As for 12 Years a Slave, “It opens at the Palazzo, AMC Town Center and at least six other theaters this weekend,” Poessiger says. “And the following week it will be just about everywhere.”
Here’s where things went awry.
Had the Star done its standard, expected due diligence and called AMC and Dickinson to verify Claiborne’s misstatements, the letter never probably would have run or would have been corrected to explain the strategy of it starting out as a limited engagement.
“They’re supposed to confirm letters like that, but they don’t do that anymore,” says one Star staffer.
Prior to the layoffs the past five years, it was the letters editor’s job to both verify the identity of the letter writer and verify the facts and/or allegations to make sure embarrassing things like this didn’t happen.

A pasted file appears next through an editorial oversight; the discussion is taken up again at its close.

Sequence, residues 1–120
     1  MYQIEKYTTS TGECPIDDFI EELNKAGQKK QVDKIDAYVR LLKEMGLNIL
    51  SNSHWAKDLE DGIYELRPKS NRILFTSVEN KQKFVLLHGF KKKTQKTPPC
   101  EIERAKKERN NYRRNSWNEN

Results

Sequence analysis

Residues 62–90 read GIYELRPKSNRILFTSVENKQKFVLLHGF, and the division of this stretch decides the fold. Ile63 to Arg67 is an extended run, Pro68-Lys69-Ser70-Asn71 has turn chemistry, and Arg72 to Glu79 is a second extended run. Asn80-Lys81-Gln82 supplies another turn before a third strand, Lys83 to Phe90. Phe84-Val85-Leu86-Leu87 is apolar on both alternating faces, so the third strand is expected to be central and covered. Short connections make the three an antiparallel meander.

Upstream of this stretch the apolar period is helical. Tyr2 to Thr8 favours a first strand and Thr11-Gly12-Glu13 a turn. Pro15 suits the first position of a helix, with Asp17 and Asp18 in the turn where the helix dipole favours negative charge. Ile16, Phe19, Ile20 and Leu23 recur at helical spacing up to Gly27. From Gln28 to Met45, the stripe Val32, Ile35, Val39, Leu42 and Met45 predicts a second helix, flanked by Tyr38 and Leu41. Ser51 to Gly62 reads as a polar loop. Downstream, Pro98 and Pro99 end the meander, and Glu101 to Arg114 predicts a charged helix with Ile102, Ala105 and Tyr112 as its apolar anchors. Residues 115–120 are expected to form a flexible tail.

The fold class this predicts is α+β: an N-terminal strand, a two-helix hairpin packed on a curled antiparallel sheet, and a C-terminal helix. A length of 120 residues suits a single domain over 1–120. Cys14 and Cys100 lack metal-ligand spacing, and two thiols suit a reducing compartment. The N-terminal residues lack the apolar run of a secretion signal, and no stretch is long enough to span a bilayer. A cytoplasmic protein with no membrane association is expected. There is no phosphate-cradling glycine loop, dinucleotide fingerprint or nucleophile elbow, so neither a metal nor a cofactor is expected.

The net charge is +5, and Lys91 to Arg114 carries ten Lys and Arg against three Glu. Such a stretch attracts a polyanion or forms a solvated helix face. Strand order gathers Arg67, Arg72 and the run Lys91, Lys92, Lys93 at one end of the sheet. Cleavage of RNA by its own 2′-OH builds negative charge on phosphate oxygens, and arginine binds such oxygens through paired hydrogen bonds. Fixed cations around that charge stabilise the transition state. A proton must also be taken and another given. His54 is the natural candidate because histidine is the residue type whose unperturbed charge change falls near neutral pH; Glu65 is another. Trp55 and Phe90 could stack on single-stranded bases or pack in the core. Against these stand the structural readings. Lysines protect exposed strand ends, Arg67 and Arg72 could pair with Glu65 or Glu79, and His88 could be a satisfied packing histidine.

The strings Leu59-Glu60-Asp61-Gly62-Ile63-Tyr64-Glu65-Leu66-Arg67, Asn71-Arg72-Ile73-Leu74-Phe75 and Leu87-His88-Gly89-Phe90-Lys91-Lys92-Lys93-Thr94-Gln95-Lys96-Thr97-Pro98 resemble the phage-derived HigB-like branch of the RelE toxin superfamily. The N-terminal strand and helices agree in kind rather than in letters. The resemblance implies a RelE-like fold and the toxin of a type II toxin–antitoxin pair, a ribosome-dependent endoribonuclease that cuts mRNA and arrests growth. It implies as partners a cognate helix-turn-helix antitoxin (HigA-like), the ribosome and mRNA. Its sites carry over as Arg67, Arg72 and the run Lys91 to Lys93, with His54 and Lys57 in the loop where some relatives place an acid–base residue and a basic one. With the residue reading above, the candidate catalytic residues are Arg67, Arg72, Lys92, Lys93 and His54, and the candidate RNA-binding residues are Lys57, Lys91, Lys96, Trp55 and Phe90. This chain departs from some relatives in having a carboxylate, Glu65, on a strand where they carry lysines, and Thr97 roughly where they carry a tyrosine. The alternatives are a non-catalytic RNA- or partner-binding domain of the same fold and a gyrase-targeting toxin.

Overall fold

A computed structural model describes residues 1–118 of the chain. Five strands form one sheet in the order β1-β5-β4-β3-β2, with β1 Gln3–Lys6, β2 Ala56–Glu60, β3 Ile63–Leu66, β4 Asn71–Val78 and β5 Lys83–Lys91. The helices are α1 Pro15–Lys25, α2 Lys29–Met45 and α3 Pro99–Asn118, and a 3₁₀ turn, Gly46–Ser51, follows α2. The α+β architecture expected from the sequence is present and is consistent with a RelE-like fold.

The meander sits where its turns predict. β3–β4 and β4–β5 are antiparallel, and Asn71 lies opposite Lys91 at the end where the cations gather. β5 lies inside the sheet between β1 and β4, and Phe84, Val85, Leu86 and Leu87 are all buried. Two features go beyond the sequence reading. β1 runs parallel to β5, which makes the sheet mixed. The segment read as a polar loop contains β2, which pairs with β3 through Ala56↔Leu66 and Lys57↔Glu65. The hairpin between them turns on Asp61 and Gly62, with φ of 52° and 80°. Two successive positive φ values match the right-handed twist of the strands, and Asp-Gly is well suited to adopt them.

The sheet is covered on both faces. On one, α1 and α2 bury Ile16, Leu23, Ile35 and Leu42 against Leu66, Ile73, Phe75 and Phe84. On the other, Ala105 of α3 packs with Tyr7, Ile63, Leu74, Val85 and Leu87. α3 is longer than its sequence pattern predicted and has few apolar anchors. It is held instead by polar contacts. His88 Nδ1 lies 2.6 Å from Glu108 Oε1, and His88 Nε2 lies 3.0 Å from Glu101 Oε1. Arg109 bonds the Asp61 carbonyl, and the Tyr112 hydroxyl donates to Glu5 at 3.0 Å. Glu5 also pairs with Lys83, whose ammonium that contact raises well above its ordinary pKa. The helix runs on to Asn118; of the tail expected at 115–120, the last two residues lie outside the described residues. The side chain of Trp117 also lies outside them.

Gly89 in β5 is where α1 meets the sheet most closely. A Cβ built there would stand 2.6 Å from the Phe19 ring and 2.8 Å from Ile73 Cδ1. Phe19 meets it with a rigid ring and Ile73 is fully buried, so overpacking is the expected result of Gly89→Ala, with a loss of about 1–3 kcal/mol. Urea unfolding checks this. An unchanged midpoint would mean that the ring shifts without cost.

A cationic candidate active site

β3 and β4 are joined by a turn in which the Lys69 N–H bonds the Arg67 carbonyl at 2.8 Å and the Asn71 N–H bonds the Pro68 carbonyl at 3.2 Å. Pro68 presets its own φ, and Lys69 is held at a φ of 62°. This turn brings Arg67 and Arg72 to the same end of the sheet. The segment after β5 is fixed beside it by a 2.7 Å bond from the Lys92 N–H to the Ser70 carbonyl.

Back to who’s job is it to oversee the Letters section, editorial columnist Lewis Diuguid.
Once the you-know-what hit the fan at AMC and Dickinson, somebody at the newspaper, it appears, decided to lay the mistake off on columnist Sanchez rather than just write a correction.
And who’s bright idea was that?
I asked readers rep Derek Donovan via email to answer that question and…perhaps not surprisingly, I’m still awaiting his unlikely response.
Which brings us to Sanchez dodging the truth-in-journalism bullet in her column.
She did it by tap dancing around and obfuscating the real reason for her column; Diuguid’s letters section screw up.
Here’s how Sanchez went about it:
“As rumors go, the one about some nebulous movie executive stopping Johnson County theaters from running the film “12 Years a Slave” is pretty lame,” she wrote. “ ‘Johnson County is showing its true colors,’ accused one misinformed letter-writer in The Star last week. X + Y = racism.”
Huh? “Nebulous movie executive” – there’s no nebulous executive mentioned in Claiborne’s letter.
“This flimsy theory is easily disproved with a bit of schooling about the film industry, topped with a dash of common sense,” Sanchez added.